The storage member 11 described above has certain important advantages. It is light and strong and has a substantially uniform deposition of a magnetic material in a thin layer without any dropouts. Because of this, the storage member can be used to record information in magnetic form at high packing densities without any loss in any bit or bits of such information during the recording operation. Since all of the information is recorded on the storage member at high packing densities, the size of the storage member can be reduced for a particular amount of information to be recorded and subsequently read or the amount of information recorded on the storage member can be increased for a storage member of a particular size. For example, with a thickness of approximately micro inches for the layer 22 of magnetic material, a packing density of approximately 5,000 bits per inch has been obtained, and signals have been able to be recorded at a frequency of approximately 3 megacycles with a coercive force of approximately 500 oersteds and a retentivity of approximately 10,000 gauss. This is in contrast to the prior art where the layer of magnetic material has been deposited with a thickness of approximately 30 micro inches so that the packing density has been only approximately 2,000 bits per inch and signals have been able to be recorded on the magnetic layer with a frequency of only one megacycle at a coercive force of approximately 500 oersteds and a retentivity of approximately 9,000 gauss FIGURE 2 illustrates another embodiment of the invention. In this embodiment, the layers 16, 18 and 20 of nickel are replaced by a single layer 28 of copper. The copper is applied on the anodized layer 14 as by electroplating. The copper may be a pyrophosphate copper obtained from M. & T. Chemicals, Inc., of Rahway, NJ. This copper is described in Sheet No. P-CU-lO-SVC published by M. & T. Chemicals, Inc., in May 1963. The electro-plating may occur for a suitable periodof time such as between approximately five and thirty minutes dependent upon the thickness of the copper desired. After the application of the copper by electro-plating as described above, the layer 22 of magnetic material is subsequently applied in the manner described above, and the layer 24 of electro-nickel and the layer 26 of rhodium may thereafter be applied in the manner described above.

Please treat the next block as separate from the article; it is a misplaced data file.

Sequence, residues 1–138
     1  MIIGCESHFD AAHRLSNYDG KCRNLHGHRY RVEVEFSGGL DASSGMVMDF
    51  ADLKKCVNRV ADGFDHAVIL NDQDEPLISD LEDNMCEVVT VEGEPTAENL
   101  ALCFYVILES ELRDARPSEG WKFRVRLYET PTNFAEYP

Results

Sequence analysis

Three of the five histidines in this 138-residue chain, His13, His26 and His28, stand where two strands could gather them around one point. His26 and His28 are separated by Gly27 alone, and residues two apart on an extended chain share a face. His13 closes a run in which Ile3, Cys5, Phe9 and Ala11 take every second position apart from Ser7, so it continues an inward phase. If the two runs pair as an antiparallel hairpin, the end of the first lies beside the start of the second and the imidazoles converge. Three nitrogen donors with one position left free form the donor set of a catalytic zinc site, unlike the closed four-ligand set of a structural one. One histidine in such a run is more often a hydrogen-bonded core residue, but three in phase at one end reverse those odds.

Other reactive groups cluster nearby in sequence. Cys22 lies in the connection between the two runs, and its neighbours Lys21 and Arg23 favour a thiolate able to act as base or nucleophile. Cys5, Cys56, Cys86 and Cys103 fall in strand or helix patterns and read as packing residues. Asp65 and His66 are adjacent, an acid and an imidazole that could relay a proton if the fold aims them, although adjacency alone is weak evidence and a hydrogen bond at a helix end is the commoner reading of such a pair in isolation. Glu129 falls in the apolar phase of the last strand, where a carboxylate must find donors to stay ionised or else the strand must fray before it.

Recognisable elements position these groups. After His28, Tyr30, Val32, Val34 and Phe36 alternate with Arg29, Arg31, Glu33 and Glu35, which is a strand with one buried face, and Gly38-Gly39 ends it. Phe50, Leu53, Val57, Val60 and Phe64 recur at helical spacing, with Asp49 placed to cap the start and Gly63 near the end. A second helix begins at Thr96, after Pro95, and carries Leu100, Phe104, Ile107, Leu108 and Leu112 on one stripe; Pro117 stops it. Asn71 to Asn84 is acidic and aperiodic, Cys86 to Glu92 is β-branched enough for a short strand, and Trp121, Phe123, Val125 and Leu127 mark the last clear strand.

FIGURE 3 illustrates a storage member constitutinganother feature'of the invention. In the embodiment shown in FIGURE 3, the layer 24 of electro-nickel and the layer 26 of rhodium are eliminated so that the layer 22 of magnetic material becomes exposed. The layer 22 of magnetic material is hardened as by heat treating to insure that it will not become removed or impaired by contact with the head 22-as the storage member is moved past the head. By way of illustration, the storage member including the layer 22 of magnetic material may be heat treated at a suitable temperature such as approximtely 650 F. for a particular period of time such as approximately five hours. The heat treating may occur in a vacuum or in an atmosphere of inert gas such as argon to inhibit any oxidation of the layer 22 of magnetic material. If any oxidation' of the layer 22 of magnetic material should occur, this oxidation can be eliminated by polishing the exposed surface of the layer lightly.